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One-dimensional surface phonon polaritons in boron nitride nanotubes.

Authors
  • Xu, Xiaoji G
  • Ghamsari, Behnood G
  • Jiang, Jian-Hua
  • Gilburd, Leonid
  • Andreev, Gregory O
  • Zhi, Chunyi
  • Bando, Yoshio
  • Golberg, Dmitri
  • Berini, Pierre
  • Walker, Gilbert C
Type
Published Article
Journal
Nature Communications
Publisher
Springer Nature
Publication Date
Jan 01, 2014
Volume
5
Pages
4782–4782
Identifiers
DOI: 10.1038/ncomms5782
PMID: 25154586
Source
Medline
License
Unknown

Abstract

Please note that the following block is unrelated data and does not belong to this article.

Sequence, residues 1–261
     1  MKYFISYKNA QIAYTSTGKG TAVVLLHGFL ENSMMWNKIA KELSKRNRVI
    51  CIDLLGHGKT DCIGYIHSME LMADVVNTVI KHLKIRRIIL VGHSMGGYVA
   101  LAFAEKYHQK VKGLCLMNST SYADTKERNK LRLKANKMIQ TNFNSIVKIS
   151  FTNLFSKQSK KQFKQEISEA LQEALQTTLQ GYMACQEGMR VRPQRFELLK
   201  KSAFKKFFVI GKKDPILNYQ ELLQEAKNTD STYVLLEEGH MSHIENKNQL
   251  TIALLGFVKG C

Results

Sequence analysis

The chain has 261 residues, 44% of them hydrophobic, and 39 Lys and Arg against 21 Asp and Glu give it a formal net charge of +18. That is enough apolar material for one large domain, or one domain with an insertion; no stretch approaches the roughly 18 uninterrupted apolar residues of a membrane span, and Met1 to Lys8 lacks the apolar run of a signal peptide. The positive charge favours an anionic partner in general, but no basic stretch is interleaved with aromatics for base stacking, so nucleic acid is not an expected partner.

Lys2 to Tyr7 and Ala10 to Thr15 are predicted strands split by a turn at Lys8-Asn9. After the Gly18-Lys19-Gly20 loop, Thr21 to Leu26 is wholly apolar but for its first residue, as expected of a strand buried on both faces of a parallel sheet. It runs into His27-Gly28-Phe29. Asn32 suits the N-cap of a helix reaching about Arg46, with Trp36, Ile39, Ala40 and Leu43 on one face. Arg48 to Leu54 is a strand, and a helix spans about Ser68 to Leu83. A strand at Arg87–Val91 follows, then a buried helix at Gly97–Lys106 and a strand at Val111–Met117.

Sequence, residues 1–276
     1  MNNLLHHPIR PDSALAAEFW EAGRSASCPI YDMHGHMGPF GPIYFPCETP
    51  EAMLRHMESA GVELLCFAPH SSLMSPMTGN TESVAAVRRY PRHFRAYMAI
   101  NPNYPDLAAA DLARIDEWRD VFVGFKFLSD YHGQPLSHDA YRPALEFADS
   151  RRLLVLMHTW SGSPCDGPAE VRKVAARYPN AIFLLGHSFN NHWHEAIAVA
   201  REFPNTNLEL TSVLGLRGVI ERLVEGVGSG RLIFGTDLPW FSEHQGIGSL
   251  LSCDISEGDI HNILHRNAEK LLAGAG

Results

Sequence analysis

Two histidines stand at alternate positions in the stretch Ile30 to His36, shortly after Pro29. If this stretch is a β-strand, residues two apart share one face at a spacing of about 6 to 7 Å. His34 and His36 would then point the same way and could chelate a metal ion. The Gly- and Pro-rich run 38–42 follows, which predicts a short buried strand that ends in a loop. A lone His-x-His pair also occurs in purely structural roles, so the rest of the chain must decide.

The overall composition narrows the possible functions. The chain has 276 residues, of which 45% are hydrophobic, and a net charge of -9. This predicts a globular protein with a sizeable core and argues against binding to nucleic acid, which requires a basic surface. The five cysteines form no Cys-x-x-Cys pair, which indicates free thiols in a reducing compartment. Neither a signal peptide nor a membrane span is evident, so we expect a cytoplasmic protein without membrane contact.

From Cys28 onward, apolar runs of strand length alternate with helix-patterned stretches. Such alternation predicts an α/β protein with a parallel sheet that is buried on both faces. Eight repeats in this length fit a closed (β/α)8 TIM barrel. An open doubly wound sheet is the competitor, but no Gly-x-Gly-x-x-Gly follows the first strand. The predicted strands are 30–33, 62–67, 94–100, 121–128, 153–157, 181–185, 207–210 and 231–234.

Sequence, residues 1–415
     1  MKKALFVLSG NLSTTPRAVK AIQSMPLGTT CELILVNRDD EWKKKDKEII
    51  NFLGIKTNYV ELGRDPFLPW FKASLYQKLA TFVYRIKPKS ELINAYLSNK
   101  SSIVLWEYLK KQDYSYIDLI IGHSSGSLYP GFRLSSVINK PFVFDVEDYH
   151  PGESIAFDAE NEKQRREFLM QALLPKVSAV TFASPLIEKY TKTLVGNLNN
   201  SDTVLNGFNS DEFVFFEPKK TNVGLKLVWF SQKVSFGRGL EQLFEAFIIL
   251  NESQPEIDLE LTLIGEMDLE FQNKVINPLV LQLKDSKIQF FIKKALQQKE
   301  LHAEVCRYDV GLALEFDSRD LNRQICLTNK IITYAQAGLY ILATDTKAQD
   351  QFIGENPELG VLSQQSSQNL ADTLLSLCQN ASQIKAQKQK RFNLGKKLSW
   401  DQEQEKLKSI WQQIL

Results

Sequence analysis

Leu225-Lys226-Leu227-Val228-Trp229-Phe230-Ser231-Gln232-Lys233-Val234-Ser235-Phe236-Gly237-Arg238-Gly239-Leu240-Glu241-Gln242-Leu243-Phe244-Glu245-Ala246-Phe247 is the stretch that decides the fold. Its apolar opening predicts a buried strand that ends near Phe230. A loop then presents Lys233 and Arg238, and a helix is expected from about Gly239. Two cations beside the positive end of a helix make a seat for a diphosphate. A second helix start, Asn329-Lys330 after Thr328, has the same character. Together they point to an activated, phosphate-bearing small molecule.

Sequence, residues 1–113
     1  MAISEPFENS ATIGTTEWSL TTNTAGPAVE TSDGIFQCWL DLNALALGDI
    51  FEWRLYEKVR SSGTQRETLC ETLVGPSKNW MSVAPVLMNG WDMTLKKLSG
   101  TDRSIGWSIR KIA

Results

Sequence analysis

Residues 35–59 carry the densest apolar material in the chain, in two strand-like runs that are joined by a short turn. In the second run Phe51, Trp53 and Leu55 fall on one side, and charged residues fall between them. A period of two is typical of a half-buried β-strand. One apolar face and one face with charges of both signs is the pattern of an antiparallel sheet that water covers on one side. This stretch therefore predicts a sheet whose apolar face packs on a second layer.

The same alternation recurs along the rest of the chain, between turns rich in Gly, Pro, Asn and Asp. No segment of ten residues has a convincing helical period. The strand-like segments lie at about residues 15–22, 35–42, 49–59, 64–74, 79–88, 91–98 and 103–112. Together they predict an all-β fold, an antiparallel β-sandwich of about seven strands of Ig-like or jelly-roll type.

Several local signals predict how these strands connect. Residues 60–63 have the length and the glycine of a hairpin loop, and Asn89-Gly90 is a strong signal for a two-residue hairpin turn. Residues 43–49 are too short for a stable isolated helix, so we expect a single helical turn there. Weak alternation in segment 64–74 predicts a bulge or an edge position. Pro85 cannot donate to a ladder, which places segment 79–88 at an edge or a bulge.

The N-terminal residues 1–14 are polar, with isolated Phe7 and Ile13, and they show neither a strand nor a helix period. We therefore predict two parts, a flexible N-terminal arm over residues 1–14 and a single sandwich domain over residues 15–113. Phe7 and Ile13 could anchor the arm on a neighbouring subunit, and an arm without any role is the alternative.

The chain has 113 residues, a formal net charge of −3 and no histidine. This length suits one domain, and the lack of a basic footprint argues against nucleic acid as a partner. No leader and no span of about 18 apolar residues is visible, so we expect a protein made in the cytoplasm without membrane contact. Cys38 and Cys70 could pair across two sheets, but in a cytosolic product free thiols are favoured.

Surface polaritons, which are electromagnetic waves coupled to material charge oscillations, have enabled applications in concentrating, guiding and harvesting optical energy below the diffraction limit. Surface plasmon polaritons involve oscillations of electrons and are accessible in noble metals at visible and near-infrared wavelengths, whereas surface phonon polaritons (SPhPs) rely on phonon resonances in polar materials, and are active in the mid-infrared. Noble metal surface plasmon polaritons have limited applications in the mid-infrared. SPhPs at flat interfaces normally possess long polariton wavelengths and provide modest field confinement/enhancement. Here we demonstrate propagating SPhPs in a one-dimensional material consisting of a boron nitride nanotube at mid-infrared wavelengths. The observed SPhP exhibits high field confinement and enhancement, and a very high effective index (neff~70). We show that the modal and propagation length characteristics of the SPhPs may be controlled through the nanotube size and the supporting substrates, enabling mid-infrared applications.

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